MSS Quarterfinals: Quarterfinals Roundup

Posted in Event Coverage on July 29, 2007

By Bill Stark

I cruised around the MSS Quarterfinals tables to catch the highlights. Here's a quick roundup:

Jacob Gosche/Greg Poverelli

Jacob Poverelli, left, takes on Jacob Gosche.

Game 1: Seventeen-year-old Greg Poverelli's early beatdown walked into a three-for-one from Jacob Gosche's Angelfire deck in the form of Wrath of God. However the three creatures were all Keldon Marauders meaning Florida native Gosche still lost a healthy chunk of his life when his removal spell resolved. That proved critical in the long run as his Lightning Angel wasn't early enough to stem the tides. A topdecked Seal of Fire from Poverelli sent it to Game 2.

Game 2: A lucky Tin Street Hooligan from Poverelli sent Gosche's early Azorius Signet packing, a rough beat for the Angelfire player as his only other mana sources were three Plains and a Ghost Quarter. The play kept him off balance long enough for a series of Mogg Fanatics, the Tin Street, and Keldon Marauders, accompanied by the usual assortment of Chars and Incinerates, to get the job done. The match finished before most of their peers had even begun playing their second games.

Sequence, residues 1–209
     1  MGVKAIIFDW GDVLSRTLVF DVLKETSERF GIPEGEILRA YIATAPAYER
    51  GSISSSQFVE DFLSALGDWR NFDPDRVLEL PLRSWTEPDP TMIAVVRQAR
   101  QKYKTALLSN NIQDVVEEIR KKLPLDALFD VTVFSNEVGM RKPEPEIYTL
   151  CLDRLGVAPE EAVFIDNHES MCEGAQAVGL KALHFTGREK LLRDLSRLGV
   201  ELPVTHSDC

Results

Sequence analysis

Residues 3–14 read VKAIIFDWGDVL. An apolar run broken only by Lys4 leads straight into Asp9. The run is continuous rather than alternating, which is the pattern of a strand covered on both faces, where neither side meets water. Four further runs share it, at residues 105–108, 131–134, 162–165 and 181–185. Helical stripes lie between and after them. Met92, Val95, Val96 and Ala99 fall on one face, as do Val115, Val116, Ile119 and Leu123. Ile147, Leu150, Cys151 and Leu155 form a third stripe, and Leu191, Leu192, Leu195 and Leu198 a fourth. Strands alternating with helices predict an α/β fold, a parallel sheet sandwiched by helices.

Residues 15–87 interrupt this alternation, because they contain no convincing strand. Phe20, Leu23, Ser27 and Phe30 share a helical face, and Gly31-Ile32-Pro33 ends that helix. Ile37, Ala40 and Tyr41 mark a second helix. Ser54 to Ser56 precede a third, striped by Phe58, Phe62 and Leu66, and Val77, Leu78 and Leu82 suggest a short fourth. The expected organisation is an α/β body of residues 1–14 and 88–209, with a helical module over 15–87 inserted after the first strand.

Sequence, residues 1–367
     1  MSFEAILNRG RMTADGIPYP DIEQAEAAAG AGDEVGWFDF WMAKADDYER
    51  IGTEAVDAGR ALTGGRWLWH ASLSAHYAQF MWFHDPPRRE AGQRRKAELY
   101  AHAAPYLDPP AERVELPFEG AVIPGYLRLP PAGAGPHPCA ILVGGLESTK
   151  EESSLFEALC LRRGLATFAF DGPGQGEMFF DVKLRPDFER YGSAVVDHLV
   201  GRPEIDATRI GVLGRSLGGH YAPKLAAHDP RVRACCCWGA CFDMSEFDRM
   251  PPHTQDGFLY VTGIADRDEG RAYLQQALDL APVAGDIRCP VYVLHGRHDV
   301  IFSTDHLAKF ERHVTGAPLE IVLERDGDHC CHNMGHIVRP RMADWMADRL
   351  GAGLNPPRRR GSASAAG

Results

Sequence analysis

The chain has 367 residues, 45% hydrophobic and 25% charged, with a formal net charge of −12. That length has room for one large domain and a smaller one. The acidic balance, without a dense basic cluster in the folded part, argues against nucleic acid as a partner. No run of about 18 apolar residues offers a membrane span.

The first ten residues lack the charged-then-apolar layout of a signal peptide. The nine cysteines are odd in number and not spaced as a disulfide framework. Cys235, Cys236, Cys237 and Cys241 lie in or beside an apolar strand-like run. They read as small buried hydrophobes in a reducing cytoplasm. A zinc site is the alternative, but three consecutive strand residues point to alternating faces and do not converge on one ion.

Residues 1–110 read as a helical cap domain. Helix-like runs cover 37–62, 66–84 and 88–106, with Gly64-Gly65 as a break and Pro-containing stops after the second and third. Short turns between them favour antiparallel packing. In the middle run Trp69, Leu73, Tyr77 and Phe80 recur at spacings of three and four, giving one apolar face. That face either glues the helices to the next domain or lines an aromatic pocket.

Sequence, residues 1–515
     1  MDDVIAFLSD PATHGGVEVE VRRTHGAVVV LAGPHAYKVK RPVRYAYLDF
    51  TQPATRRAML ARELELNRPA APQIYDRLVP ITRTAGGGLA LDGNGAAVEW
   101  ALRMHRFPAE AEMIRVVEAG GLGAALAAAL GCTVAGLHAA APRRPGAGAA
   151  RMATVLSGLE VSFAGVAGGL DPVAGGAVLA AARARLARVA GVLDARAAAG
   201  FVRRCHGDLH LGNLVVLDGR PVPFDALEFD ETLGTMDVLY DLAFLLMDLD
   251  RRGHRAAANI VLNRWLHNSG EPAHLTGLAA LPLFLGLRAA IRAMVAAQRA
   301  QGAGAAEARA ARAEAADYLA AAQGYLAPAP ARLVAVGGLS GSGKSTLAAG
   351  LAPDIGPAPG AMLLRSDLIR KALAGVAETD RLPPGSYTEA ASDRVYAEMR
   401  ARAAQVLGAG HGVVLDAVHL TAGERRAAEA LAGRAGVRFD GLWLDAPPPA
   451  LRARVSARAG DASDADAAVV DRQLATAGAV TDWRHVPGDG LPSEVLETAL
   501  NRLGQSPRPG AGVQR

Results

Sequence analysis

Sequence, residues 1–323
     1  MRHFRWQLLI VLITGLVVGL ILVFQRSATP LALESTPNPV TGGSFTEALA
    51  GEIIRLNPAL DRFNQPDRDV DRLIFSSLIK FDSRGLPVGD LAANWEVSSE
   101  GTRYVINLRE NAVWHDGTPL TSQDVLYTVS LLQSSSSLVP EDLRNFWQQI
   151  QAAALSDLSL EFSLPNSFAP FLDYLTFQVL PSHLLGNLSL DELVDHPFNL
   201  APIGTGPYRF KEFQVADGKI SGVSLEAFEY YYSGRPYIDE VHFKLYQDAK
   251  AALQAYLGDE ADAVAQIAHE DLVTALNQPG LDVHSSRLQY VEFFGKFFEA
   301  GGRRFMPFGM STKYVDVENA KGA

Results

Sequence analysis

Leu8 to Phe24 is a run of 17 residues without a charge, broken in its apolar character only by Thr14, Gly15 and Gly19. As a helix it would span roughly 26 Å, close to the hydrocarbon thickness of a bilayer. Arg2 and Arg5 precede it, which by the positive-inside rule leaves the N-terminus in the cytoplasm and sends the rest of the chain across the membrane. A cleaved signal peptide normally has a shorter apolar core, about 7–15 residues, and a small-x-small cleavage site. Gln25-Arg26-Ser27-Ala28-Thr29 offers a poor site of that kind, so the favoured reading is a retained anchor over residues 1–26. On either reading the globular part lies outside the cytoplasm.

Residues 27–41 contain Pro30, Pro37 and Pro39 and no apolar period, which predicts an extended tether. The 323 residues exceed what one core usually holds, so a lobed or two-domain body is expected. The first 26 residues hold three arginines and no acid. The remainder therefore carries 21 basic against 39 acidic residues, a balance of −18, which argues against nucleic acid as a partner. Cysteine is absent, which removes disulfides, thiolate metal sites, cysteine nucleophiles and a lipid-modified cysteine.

When one of Jacob's friends from the crowd of onlookers pointed out he could have Ghost Quartered his own Plains to search up the Mountain he needed to play spells from his hand he replied "I know that play, but I only have Plains and Islands [for basic lands] in my deck."

Greg Poverelli wins 2-0 against Jacob Gosche.

Peter Montalbano/DJ Kastner

Peter Montalbano, left, goes up against DJ Kastner.

Game 1: A quick end-of-turn Momentary Blink targeting a morph turned out to be a huge play for nineteen-year-old DJ Kastner, as his 2/2 was in fact Akroma, Angel of Fury. Face-up from the Blink, the legend drew a whistle and comment from opponent Peter Montalbano.

"That's a good choice. The mirror can't do anything about that card!"

Unfortunately for Montalbano, who hails from Coral Springs, Florida, it all happened while he was tapped out meaning he could flip neither of his face-down Vesuvan Shapeshifters. Either copy could have saved him, but the first game went to Kastner.